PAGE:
Michigan football team's offense revolves around Denard Robinson, and that's OK with Rich Rodriguez
Rich Rodriguez doesn’t care one bit about the fact the Michigan football team’s offense is a one-man show.
“If we have 500 yards rushing in a game, and they all come from one guy, I don’t care,” he said Monday.
“Everybody says you can’t run your quarterback 20 times a game. Well, did they say you can’t run Barry Sanders 20 times a game? If you can handle it, you can handle it.”
Lon Horwedel | AnnArbor.com
For the Wolverines’ sake, they better hope Denard Robinson can handle it.
Their star-in-the-making quarterback touched the football 68 times Saturday and accounted for 94 percent of the team’s total offense in Saturday’s 28-24 win against Notre Dame.
He ran for 258 yards and two touchdowns, and threw for 244 more and another score. Three other running backs combined for 30 yards - the only ones on the day Robinson could not claim.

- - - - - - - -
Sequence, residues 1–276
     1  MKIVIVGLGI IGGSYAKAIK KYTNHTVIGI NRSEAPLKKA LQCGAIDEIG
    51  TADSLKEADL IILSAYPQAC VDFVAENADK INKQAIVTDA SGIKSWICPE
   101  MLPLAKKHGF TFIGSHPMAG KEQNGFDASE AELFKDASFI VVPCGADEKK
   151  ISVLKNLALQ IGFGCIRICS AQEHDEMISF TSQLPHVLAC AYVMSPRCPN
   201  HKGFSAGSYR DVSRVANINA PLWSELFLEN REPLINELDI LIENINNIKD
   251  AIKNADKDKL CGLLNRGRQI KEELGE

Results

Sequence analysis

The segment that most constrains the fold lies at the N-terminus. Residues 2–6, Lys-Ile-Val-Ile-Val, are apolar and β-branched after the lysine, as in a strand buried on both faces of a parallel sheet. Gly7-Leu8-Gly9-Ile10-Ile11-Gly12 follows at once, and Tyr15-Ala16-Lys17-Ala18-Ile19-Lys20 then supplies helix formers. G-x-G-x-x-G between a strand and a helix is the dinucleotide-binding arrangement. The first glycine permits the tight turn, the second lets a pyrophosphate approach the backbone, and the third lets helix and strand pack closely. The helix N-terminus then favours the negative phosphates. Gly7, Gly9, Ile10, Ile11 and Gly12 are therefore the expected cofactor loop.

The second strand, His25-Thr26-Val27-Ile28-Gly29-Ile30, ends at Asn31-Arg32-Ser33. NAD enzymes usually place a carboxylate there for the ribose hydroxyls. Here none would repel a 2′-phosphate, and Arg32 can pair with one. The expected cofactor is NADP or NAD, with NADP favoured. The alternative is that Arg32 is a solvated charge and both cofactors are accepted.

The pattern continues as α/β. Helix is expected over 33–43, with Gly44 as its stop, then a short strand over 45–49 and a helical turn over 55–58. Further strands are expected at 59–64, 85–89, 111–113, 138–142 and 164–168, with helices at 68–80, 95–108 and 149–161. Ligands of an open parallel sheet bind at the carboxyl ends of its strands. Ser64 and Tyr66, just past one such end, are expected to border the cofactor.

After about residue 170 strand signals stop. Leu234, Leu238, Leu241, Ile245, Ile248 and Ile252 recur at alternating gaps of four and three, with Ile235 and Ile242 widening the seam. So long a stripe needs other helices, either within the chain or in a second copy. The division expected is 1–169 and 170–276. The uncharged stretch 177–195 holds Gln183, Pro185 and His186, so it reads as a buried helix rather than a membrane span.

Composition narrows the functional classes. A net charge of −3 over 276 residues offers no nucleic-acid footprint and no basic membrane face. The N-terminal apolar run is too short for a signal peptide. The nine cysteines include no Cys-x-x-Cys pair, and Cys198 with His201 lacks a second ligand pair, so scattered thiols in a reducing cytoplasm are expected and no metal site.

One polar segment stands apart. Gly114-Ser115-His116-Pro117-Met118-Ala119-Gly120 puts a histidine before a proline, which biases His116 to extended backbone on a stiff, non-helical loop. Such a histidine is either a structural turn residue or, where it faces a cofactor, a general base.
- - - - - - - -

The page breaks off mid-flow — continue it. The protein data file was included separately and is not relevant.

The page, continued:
At the height of his college career, Texas quarterback Vince Young amassed 84 percent of his team’s offense, the same career high that Tim Tebow reached at Florida.
Pat White, a Rich Rodriguez protÃ©gÃ© at West Virginia whom Robinson has often been compared to, never reached 80 percent in a game, according to ESPN’s Bruce Feldman.
Through two weeks, Robinson has done his best to keep the whirlwind ride at arm’s length.
“I’ve heard from my parents and my sister, and they’ve said, ‘this is the beginning and not the end. Don’t get complacent,’” said Robinson, who has gone from potential starter to Heisman Trophy candidate in a two-week span.
It's not only the outside attention he’ll need to endure.
Questions about his durability have arisen after he carried the ball 29 times in the season opener against UConn and then 28 times against Notre Dame.
Rodriguez wouldn’t say whether he’d reduce Robinson’s workload this weekend against UMass, saying only “our game plan will be whatever we need to do to win the game.”
But he said after the Notre Dame game that he’s more concerned about the number of throws Robinson makes. He completed 19 of 22 passes against UConn in the opener and went 24-for-40 in South Bend.
“We’re more worried about overthrowing in practice,” Rodriguez said. “His arm can get tired, just like a kicker’s leg can get tired. So we’re really cognizant of that.”
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